Giants

Giants' Hunter Pence describes how good Willie Mays is at trash-talking

Giants' Hunter Pence describes how good Willie Mays is at trash-talking

Michael Jordan, Larry Bird, Deion Sanders, John McEnroe, Tiger Woods and Kobe Bryant all have one thing in common -- well two. They are some of the all-time greats in their respective sports and they know how to undress you with their words. 

That correlation between Hall of Fame talent and generational trash talker apparently extends to the diamond as well. Willie Mays is one of the greatest center fielders in baseball history, patrolling the outfield for the New York Giants from 1951-57 and then the San Francisco Giants from 1958-72. The Say Hey Kid's talents didn't just cover hitting home runs and making over-the-shoulder catches.

He's also quite adept at talking smack according to Hunter Pence. 

"Willie  Mays always gives me advice," Pence said Tuesday on his Instagram Live. "He's a good trash talker. Like, 'How many home runs you hit last year?' And you're just like, 'Not as many as you hit Willie.' It's so cool getting to see Willie."

Even at the age of 88, Mays still is out there letting the current Giants have it. When you hit 660 career home runs you can say what you want. 

[RELATED: Pence doesn't think short season cheapens World Series]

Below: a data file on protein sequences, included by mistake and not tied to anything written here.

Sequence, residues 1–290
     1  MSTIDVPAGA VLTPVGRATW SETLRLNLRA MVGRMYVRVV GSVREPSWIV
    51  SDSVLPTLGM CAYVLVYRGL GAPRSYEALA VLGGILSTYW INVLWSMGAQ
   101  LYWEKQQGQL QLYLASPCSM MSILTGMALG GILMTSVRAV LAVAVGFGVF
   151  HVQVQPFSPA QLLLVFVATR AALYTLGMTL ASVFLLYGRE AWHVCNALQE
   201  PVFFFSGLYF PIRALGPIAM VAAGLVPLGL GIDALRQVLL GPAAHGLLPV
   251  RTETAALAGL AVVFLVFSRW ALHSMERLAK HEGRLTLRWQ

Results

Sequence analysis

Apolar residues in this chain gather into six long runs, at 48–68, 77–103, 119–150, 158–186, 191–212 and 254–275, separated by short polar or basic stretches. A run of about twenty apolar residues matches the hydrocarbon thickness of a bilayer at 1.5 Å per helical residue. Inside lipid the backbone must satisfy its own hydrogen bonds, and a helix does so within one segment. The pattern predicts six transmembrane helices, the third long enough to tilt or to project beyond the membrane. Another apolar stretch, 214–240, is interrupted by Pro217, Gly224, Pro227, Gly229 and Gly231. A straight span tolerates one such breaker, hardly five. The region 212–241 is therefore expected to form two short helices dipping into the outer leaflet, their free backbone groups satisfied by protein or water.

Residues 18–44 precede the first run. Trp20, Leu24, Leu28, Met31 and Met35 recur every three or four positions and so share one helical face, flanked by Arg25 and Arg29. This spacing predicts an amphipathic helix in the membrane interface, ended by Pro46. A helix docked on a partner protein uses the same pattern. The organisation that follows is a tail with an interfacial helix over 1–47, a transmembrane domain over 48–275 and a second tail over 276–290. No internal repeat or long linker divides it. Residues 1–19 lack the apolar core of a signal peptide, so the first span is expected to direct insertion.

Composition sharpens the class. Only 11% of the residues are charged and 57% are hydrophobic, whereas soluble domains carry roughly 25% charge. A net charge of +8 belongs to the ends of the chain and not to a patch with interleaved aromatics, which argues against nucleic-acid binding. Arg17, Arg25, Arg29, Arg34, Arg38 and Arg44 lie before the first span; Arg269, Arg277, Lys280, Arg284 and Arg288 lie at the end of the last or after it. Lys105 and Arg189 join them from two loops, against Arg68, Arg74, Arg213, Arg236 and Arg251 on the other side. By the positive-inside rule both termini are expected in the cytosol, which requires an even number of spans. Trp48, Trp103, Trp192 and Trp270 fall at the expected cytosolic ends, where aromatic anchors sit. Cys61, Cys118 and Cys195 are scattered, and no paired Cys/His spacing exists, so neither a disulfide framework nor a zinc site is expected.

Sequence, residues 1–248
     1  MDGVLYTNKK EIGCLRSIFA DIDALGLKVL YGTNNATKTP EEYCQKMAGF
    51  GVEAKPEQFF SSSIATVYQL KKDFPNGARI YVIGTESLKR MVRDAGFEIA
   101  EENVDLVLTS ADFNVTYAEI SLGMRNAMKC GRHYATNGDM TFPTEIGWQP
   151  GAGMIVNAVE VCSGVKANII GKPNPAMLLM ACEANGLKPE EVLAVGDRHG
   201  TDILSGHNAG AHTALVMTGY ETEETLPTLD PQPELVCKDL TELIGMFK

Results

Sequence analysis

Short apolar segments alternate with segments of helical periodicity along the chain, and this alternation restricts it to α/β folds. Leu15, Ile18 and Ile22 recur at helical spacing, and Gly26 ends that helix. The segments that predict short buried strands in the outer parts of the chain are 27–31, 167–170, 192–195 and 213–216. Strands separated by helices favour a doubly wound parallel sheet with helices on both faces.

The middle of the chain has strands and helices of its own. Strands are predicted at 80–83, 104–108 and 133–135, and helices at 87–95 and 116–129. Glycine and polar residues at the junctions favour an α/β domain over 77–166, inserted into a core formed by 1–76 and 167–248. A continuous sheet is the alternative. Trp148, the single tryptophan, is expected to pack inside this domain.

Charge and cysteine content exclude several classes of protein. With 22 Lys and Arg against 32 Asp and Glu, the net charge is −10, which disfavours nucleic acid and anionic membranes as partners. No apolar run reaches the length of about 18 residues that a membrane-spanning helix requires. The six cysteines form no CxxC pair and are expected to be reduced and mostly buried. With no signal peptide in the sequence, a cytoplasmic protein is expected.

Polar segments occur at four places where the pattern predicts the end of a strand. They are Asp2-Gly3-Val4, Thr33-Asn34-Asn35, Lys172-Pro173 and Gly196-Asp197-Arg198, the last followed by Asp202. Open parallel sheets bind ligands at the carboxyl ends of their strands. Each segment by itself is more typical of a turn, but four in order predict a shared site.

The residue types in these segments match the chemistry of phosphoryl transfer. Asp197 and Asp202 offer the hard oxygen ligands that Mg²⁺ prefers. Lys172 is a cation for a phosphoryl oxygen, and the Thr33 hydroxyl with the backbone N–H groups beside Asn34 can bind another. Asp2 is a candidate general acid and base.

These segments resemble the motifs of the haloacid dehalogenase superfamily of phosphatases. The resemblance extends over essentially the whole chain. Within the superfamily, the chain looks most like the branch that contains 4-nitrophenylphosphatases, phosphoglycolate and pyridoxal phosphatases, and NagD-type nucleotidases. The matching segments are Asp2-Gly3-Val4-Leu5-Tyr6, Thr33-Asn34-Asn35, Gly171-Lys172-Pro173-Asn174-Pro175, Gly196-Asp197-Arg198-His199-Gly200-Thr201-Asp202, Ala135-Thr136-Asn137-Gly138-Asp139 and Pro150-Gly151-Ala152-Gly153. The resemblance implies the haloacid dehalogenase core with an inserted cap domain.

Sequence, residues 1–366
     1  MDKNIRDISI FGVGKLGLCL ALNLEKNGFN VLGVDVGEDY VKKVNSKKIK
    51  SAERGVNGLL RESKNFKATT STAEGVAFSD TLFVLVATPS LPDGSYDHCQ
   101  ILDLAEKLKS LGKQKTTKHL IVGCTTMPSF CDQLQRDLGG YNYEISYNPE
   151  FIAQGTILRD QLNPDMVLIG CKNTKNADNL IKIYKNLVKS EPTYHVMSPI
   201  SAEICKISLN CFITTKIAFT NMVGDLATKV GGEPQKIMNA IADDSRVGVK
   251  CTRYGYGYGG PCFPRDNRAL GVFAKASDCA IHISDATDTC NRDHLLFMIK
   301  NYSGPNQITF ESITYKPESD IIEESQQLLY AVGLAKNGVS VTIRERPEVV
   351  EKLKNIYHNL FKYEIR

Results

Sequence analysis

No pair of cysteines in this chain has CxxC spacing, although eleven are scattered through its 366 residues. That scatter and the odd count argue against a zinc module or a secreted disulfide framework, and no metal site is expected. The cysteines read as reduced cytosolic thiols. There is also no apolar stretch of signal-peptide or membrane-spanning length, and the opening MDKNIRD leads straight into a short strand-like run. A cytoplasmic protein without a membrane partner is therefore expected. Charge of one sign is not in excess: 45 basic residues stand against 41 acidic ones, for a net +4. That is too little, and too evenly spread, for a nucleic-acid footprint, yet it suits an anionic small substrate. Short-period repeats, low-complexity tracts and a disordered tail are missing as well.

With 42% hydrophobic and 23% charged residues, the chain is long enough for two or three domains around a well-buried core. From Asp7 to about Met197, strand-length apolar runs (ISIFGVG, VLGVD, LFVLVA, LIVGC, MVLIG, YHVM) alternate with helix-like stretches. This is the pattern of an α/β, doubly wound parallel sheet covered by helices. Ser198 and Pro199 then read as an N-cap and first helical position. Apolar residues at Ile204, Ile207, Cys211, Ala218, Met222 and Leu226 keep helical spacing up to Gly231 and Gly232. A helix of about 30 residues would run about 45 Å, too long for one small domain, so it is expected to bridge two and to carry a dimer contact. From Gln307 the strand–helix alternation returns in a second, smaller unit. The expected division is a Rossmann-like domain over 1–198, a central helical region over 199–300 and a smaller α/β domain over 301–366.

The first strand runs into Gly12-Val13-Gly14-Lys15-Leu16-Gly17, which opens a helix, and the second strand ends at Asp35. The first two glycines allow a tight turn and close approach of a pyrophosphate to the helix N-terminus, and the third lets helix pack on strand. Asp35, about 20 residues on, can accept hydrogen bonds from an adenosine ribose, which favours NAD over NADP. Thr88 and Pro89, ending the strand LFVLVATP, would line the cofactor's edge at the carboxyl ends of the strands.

Pence also noted how fun World Series at-bats are. 

"Let's make some of that happen," Pence said, hoping the Giants can have some even-year magic in 2020. 

With the MLB season suspended due to the coronavirus outbreak, Pence and the rest of the Giants are busy practicing social distancing and waiting for baseball to make its return whenever that will be.

In the meantime, I think we need Mays to go live on IG and show us these trash-talking skills. Or perhaps, film a PSA to promote the importance of social distancing. 

Former Giant Randy Winn describes feeling of month-long hot streak

Former Giant Randy Winn describes feeling of month-long hot streak

A starting pitcher can take control of a game and singlehandedly lead his team to a win, but in general, it's hard for baseball players to will their team to victory day after day.

Starters pitch once every five days and position players know that even on a five-hit night, you're dependent on your own pitchers standing tall, and every time you reach base, you have to wait a couple innings for another chance to impact the game.

But every once in a while, a hitter gets so hot that it seems he's carrying his team for weeks at a time. The Giants last truly experienced this in 2018, when Brandon Crawford briefly thrust himself into the MVP race and earned an All-Star selection with an absurd stretch in May and June.

Buster Posey won the MVP award with his second half of 2012, and Melky Cabrera dragged the Giants to plenty of wins earlier that year before failing a PED test. In the first half of this century, Barry Bonds could carry the lineup for weeks, even seasons, at a time. 

Randy Winn experienced that after being traded to the Giants from the Mariners in 2005, and that year he had his own hot streak that to this day is one of the most impressive in franchise history. Over the final 30 games of that season, Winn had 54 hits in 123 at-bats, good for a .439 batting average. He hit 11 homers, 13 doubles and three triples, with a slugging percentage of .862 and OPS of 1.331.